These Butternut Squash Mole Nachos are loaded with all the traditional toppings, plus roasted butternut squash for a lovely fall vibe and the easiest mole sauce you’ll ever make from scratch.
I’m in a pretty good mood today. It might be because it’s Friday, but it also might have something to do with the fact that I FINALLY get to share these spectacular Butternut Squash Mole Nachos with you, because this has been months in the making.
I mean, if you really want to go way back, it’s been years in the making. Back to when I was but a wee twenty something newbie on the drinking scene, and the late-night Mexican joint that we would stumble to across the street from our favorite bar served me plain chips with mole sauce and queso fresco (for free) while I was waiting for my burrito.
Maybe it was the alcohol. Maybe it was because they were free and everyone loves free things. All I know is I fell in love with mole nachos that night.
Why you need this easy mole sauce in your life
Mole is a thick, darkbrown or reddish sauce used in traditional Mexican cuisine. It is typically served over meats, and there are so many different regional versions that it could make your head spin, but the ingredients of mole sauce can be generally grouped into five classes: chiles, sour (tomatoes or tomatillos), sweet (dried fruits, sugar, chocolate), spices, and thickeners (nuts and tortillas).
Most mole sauces require a laundry list of ingredients and several hours of simmering on the stove in order for the sauce to thicken and the flavors to develop properly. But this pared down version comes together in about 15 minutes while still tasting bold and authentic, which will get you into nacho munching territory in no time.
When I was a kid I actually thought mole sauce was gross! Sometimes my mom would make it and I’d think, a chocolate sauce served over chicken makes no sense! I didn’t get it back then, but now that I’m able to grasp the whole spicy/sweet contrast thing I think mole sauce is just the best. Especially on these nachos.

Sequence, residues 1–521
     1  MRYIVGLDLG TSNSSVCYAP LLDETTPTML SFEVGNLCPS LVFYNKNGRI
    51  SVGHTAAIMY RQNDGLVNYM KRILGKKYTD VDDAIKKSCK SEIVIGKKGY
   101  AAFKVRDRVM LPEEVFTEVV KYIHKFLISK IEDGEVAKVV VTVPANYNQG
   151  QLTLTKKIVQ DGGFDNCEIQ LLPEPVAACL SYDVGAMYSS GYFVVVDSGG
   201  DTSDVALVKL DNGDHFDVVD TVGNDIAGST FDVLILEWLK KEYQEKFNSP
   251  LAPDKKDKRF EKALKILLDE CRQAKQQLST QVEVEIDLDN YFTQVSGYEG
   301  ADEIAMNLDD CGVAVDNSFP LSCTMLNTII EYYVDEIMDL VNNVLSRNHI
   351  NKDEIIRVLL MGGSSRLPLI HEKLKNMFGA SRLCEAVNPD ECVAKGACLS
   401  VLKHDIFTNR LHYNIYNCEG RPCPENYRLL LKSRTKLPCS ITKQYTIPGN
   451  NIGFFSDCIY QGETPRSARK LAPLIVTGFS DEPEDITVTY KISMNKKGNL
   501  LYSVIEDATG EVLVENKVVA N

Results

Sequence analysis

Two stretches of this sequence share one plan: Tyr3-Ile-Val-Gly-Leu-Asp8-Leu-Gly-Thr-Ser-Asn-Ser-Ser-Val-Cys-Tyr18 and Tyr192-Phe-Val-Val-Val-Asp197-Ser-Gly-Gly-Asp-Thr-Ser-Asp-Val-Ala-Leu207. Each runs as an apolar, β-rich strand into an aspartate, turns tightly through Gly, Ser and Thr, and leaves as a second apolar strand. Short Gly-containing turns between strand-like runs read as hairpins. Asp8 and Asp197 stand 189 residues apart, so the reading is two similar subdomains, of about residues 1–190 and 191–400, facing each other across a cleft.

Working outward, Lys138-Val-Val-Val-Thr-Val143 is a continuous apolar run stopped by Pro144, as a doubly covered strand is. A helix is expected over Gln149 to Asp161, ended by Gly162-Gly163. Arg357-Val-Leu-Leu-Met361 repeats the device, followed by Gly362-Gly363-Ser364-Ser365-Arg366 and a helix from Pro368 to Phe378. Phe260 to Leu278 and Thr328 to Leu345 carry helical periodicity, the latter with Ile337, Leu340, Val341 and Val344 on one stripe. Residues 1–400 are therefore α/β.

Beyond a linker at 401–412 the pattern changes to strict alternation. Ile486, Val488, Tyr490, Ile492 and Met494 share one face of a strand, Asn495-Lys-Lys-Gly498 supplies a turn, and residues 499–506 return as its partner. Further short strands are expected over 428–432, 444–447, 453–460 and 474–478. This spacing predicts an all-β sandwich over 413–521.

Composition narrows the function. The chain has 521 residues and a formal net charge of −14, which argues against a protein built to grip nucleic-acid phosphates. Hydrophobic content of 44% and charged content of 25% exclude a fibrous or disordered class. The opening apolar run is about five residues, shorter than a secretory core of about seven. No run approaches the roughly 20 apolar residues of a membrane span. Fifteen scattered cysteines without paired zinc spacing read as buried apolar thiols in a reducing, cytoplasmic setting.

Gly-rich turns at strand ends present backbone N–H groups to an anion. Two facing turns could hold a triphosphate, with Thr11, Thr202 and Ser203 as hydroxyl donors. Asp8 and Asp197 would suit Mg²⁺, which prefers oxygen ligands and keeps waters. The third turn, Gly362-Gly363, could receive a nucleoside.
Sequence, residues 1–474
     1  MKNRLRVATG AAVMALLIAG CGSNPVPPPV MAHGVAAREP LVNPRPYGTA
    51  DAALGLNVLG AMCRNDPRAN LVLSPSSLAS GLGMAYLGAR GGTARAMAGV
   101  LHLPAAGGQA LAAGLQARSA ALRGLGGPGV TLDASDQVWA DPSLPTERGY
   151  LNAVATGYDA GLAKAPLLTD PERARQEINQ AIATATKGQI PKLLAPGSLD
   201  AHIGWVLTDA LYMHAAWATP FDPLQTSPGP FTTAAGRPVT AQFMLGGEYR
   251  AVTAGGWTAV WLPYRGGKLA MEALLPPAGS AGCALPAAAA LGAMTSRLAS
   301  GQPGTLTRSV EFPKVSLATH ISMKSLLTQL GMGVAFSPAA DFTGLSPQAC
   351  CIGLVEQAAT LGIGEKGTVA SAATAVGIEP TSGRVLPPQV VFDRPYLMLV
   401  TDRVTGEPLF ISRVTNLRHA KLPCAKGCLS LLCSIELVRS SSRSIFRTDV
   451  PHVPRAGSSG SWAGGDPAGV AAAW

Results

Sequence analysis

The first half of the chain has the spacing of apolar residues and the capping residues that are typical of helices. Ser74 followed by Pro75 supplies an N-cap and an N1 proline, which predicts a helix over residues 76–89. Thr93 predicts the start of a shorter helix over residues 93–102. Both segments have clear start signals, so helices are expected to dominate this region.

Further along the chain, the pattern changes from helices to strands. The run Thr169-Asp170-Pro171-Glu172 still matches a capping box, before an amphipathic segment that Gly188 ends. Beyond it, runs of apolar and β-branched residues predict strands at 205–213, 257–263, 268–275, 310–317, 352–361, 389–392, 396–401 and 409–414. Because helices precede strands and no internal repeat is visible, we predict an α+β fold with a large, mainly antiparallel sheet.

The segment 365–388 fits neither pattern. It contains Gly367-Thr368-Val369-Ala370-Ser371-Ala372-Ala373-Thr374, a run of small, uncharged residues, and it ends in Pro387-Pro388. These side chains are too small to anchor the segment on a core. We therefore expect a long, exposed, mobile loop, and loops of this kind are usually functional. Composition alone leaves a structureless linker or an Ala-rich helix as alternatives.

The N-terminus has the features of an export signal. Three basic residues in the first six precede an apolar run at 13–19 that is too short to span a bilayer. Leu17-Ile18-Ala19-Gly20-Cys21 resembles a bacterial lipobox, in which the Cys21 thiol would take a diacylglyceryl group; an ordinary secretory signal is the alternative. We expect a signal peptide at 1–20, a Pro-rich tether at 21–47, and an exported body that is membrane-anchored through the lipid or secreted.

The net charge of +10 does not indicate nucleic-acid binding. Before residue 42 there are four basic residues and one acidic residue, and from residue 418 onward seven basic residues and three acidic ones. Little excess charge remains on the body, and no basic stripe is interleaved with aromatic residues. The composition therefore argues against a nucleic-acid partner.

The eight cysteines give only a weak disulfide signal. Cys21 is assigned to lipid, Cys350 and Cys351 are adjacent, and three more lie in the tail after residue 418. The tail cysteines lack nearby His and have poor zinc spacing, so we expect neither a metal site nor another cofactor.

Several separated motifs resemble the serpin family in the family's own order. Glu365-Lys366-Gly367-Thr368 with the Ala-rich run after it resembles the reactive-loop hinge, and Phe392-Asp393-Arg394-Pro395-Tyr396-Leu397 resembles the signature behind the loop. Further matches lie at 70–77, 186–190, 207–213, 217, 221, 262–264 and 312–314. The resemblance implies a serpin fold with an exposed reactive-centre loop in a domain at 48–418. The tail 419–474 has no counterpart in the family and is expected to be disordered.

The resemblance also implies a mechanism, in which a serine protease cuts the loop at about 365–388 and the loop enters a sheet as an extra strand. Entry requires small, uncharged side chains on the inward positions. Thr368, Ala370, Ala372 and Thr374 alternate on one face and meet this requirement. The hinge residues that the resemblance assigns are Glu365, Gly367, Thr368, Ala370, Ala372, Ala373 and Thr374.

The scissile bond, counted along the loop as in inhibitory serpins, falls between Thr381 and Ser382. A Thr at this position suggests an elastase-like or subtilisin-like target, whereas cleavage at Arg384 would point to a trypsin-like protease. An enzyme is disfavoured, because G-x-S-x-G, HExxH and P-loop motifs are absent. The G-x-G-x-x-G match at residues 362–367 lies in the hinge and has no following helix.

Why these butternut squash mole nachos work
I couldn’t resist adding roasted butternut squash to these mole nachos, and it’s honestly a game changer. The sweetness of the squash echoes the smoky sweetness in the sauce and gives the dish a nice fall vibe. And of course, these mole nachos are loaded up with all the traditional fixings: black beans, jalapeño, cilantro, scallion, melty Monterey Jack cheese, avocado, sour cream and a generous drizzle of that easy, flavorful mole sauce.
What to do with leftover mole sauce
This recipe makes more than enough sauce for one serving of nachos, so here are some ideas for how to use up the rest:
- it makes a wonderful enchilada sauce
- serve it over eggs, or make mole chilaquiles for brunch
- mix some into your quesadilla filling
- if you eat meat, try it served it over roasted chicken or turkey
Butternut Squash Mole Nachos
These Butternut Squash Mole Nachos are loaded with all the traditional toppings, plus the easiest mole sauce you’ll ever make from scratch.
- For the mole sauce:
- 3 dried pasilla chiles stemmed and seeded
- 1 tablespoon olive oil
- 1 cup onion chopped
- 1 clove garlic minced
- 1/2 teaspoon cinnamon
- 1/2 teaspoon cumin
- 1/4 teaspoon crushed red pepper flakes
- 3 ounces Mexican chocolate chopped
- 1 cup vegetable broth
- 1 1/2 tablespoons smooth peanut butter
- 1/2 tablespoon sugar
- Pinch of salt
- 1/4 cup tortilla chips crumbled
- For the nachos:
- 1 bag tortilla chips
- 3/4 cup Monterey Jack cheese shredded
- 1/4 cup cooked black beans
- 1/2 cup diced butternut squash roasted
- 1 jalapeño pepper thinly sliced
- 2 tablespoons cilantro chopped
- 2 tablespoons scallions chopped
- 1/4 cup sour cream or Greek yogurt
- 1/2 avocado sliced
To make the mole sauce, soak the chiles in 1 cup of hot water for 15 minutes. Drain and discard the soaking liquid.
Heat the oil in a saucepan over medium heat. Add the onions and cook until translucent, about 5 minutes. Add garlic, cinnamon, cumin and crushed red pepper and cook for another minute. Transfer to a blender with the chiles, broth, peanut butter, sugar salt and tortilla chips and blend until smooth.
Transfer to a saucepan and add chocolate. Bring to a boil over high heat, stirring to melt chocolate, then reduce the heat to medium and simmer for 10 minutes. If sauce seems too thick, add more broth or water a couple of tablespoons at a time to thin if necessary. Remove from heat and set aside.
Preheat the broiler. Place the tortilla chips on a baking dish. Sprinkle with cheese. Top with butternut squash and black beans. Broil until the cheese melts, about 2-3 minutes. Remove from oven and top with the jalapeño, cilantro and scallion. Serve immediately with avocado and Greek yogurt.
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